My greatest contribution to the field of medical education has been founding an online learning hub in partnership with Becoming a Dr (BAD), a volunteer-led organisation supporting aspiring and current medical students. We have created 75 online tutorials with a global reach of over 90,000, and students tuning in from 6 continents. In March of last year, we held a twitter event to connect medical students around the world. Students could tweet with #MedStudentCovid to advertise how they were helping with the pandemic response, and how others could get involved. We identified that the pandemic had disrupted regular teaching for medical students. While universities were moving to virtual learning, many students were running tutorials for their peers to supplement this. We decided to create a learning hub so students could deliver these tutorials live to their peers around the world.

Students who could not make the live tutorials due to other commitments or time zone differences, would be able to watch them in their own time. The sessions were uploaded to the learning hub, a website with all the lectures and slides organised based on target audience. The sessions were also made available on the BAD Facebook page, and Youtube channel. Our tutorials have covered 13 different medical and surgical specialties, including key non-clinical skills such as communication and reflective practice. Questions used in these sessions will be made available to students as part of BAD’s national question bank, a free open-access question bank for medical students in the UK.

Student feedback was core to our online sessions. When signing up to the mailing list, students were asked what makes a good online teaching session. We worked through these 30,000 responses to create a tutorial template for the tutors. This included guidance on tutorial length, visuals, how to make the session interactive, and more. I was given to opportunity to present the findings from these responses at the International Medical Education Conference 2021 (IMEC 2021).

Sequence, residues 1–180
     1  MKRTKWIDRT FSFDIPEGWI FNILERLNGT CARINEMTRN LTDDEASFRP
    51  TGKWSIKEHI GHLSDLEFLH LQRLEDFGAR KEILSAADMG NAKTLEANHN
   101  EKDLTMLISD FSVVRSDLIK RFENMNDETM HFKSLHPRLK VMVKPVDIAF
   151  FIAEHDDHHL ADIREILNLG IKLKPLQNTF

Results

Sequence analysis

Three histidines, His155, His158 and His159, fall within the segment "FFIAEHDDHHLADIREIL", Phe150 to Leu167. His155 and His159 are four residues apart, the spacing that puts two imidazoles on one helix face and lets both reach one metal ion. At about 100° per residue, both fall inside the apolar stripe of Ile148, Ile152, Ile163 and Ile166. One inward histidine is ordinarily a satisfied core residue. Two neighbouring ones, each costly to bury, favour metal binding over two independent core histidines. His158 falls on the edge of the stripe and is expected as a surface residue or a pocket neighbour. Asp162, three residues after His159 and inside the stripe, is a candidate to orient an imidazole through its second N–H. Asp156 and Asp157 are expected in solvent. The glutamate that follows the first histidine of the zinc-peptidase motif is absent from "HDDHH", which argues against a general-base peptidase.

Medical education has been a passion of mine for many years. I have worked with numerous organisations regarding medical student admissions and careers in healthcare. I was part of the organising committee for the Virtual Health Careers Conference 2020 (VHCC2020), an event for aspiring and current healthcare professionals. We provided workshops on applying to university, developing your portfolio, and specialty specific workshops. As I have a passion for paediatrics, I am a co-lead on a series aimed at getting medical students and doctors interested in paediatrics. We have been fortunate enough to publish work in partnership with the Royal College of Paediatrics and Children’s Health. As a mentor for the Imperial Outreach programme, I worked on widening participation in STEM careers. We journeyed with students from disadvantaged backgrounds, from the start of secondary school until their first year of university. Over the course of the programme we delivered regular laboratory sessions, homework clubs, summer schools, and university application workshops.

Over the years I’ve been so lucky to be able to work with so many remarkable medical students and clinicians who have been passionate about medical education. I’ve been able to learn from my mistakes and develop myself as a medical educator.

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